Biden Admin. Rolls Out ‘Whole-of-Government’ Drone Plan, Admits There’s No Actual ‘Specific Threats’
01:47 GMT 26.04.2022 (Updated: 11:19 GMT 06.08.2022)
© AP Photo / Cpl. Alexis MoradianThis image provided by the U.S. Marine Corps, shows a Switchblade 300 10C drone system being used as part of a training exercise at Marine Corps Air Ground Combat Center Twentynine Palms, Calif., on Sept. 24, 2021.
© AP Photo / Cpl. Alexis Moradian
The new scheme to regulate alleged but unspecified unmanned foreign threats comes as a US drone manufacturer negotiates directly with Kiev and the US Army tests its “largest interactive drone swarm ever.”
A senior US official told pro-US media outlets Monday that the Biden regime is introducing a “whole-of-government plan” to “address” what they reportedly claimed in a press briefing to be “threats in the homeland” posed by unmanned aerial systems (UAS).
Insisting that "the federal government is just not able to be everywhere that they need to be in order to protect the American people," an unnamed US official was quoted as telling Newsweek that “state and local” security forces must be incorporated into Biden’s anti-drone crackdown.
In recent years, alarming reports of “mystery drone swarms” have popped up across the US. The US Navy has alleged multiple sightings of drones that descended on destroyers off the coast of California in 2019, and even claims to have fired unsuccessfully at the aircraft it purportedly still couldn’t identify as recently as last year.
Earlier in the call, the anonymous official reportedly admitted the US has no knowledge of any “any specific threats” that might justify such legislation. But reporters on the call say the official asserted that "what's happening overseas" and "what’s happening in Mexico… is concerning” and professed to “know” that “the same capabilities exist here.”
Newsweek reports that the official also noted the "UAS attacks against Iraqi Prime Minister Mustafa al-Kadhimi last November and Venezuelan President Nicolás Maduro in August 2018." Previously, the US steered clear of describing the 2018 drone attack on the Venezuelan president as an assassination attempt, with former National Security Advisor John Bolton going as far as to suggest the murder plot “could be… a pretext set up by the Maduro regime” to persecute political opponents.
In 2019, President Maduro told Max Blumenthal, editor of the independent outlet The Grayzone, that “the assassination attempt was ordered by John Bolton.” The Venezuelan government alleged in 2021 that the shadowy Florida-based security company blamed for the assassination of former Haitian President Jovenel Moise carried out the attack.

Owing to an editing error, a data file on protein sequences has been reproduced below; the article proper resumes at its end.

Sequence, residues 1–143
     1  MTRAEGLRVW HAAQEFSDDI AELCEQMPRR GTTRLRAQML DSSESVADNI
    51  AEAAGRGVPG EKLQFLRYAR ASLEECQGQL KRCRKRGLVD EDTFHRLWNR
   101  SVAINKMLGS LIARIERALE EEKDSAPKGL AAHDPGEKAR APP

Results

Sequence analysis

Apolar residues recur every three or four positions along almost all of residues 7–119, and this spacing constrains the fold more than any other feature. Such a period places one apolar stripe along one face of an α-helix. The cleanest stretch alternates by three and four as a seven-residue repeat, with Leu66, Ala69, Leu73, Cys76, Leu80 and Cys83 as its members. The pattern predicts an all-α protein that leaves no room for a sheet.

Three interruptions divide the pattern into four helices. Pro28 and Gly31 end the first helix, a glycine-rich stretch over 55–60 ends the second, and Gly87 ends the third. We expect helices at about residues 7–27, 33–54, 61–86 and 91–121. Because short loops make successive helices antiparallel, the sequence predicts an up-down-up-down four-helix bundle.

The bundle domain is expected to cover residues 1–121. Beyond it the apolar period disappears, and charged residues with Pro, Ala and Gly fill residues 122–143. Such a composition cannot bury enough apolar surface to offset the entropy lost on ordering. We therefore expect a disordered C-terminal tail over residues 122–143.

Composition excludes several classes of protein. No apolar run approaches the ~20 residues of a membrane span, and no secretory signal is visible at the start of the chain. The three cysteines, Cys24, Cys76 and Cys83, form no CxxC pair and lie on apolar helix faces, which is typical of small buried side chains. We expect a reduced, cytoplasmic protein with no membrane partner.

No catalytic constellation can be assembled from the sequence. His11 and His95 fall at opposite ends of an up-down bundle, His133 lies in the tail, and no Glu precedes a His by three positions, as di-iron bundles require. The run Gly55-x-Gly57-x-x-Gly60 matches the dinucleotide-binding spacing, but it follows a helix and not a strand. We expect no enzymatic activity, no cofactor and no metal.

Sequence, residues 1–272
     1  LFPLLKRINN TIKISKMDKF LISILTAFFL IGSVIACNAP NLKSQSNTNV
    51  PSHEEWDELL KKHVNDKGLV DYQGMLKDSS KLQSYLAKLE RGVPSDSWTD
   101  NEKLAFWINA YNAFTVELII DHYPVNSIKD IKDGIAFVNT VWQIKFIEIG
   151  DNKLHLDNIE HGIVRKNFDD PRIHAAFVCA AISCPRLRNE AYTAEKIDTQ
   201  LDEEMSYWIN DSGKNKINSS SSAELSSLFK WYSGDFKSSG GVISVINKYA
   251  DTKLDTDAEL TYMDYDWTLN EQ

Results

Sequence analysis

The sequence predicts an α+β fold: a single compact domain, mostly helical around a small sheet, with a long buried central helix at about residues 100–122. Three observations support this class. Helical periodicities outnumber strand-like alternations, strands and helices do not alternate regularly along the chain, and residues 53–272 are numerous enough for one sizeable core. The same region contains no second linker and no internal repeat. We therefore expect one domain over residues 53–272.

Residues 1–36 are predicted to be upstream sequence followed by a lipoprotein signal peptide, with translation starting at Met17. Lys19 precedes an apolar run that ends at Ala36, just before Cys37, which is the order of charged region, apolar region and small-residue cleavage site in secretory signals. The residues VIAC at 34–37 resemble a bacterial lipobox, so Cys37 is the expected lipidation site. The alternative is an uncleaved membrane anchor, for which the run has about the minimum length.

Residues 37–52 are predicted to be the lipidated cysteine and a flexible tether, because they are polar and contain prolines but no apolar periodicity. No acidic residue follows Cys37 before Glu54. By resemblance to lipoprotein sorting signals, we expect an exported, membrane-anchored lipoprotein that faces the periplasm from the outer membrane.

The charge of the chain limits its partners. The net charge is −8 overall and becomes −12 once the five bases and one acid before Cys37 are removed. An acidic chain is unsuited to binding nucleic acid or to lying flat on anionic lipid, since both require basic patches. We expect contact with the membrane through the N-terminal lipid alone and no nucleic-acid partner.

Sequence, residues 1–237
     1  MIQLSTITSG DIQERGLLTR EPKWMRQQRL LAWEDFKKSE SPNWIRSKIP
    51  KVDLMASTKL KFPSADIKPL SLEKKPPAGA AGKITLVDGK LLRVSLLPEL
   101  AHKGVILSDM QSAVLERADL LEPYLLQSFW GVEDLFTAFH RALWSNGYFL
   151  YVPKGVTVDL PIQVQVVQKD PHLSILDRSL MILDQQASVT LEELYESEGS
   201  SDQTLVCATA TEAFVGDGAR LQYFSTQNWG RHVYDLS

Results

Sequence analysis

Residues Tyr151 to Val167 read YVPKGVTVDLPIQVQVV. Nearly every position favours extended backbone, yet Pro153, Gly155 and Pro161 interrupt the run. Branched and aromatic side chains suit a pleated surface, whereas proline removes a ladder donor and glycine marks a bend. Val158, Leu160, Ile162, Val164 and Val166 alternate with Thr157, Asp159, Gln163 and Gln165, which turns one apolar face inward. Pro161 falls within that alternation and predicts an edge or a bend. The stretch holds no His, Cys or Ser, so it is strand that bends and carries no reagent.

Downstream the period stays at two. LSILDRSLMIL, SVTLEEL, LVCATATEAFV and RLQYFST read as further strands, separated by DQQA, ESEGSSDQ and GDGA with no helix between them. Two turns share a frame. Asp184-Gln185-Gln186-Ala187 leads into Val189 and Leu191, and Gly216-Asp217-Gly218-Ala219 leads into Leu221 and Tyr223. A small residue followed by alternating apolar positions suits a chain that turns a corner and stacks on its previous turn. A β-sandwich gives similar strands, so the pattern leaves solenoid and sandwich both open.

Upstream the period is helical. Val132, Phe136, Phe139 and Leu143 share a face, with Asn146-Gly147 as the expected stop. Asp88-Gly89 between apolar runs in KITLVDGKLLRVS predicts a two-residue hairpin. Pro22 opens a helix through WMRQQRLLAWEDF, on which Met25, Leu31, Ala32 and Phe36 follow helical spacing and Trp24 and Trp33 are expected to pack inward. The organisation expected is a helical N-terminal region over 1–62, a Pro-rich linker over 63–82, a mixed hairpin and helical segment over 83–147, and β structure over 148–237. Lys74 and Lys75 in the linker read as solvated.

Buried in Biden’s drone overhaul scheme s also a proposal that would authorize the CIA to "conduct UAS detection and mitigation activities to protect domestic locations," Fox News reports.
In recent years, the US has claimed its forces have come under attack of such devices in Iraq, where soldiers remained deployed even after the Iraqi Parliament passed legislation demanding the expulsion of “all foreign troops from their country.” A Pentagon spokesperson pointed the finger at Iran without blaming Tehran directly, saying “these kinds of attacks” are “very much in keeping” with the “kinds of attacks we’ve seen from Iran-backed militias in Iraq and in Syria.”
Meanwhile, efforts by the US military and private businesses to further weaponize drones continue unabated. On Friday, the US manufacturers of a kamikaze drone being used to carry out ‘suicide bomber’ style attacks on Russian soldiers announced they were opening up direct negotiations with the Ukrainian regime. And the same day Biden officials rolled out their new regulations, the US Army kicked off testing of what it bragged was “the largest interactive drone swarm ever.”
Looking forward, “I think what you're going to see is an expansive use of electronic warfare and expansive use of our interactive drone swarm,” predicted the head of the Army’s Future Vertical Lift Cross-Functional Team, Maj. Gen. Walter Rugen, in an interview published Friday. Rugen explained that drone warfare research was being conducted “in partnership with DARPA.”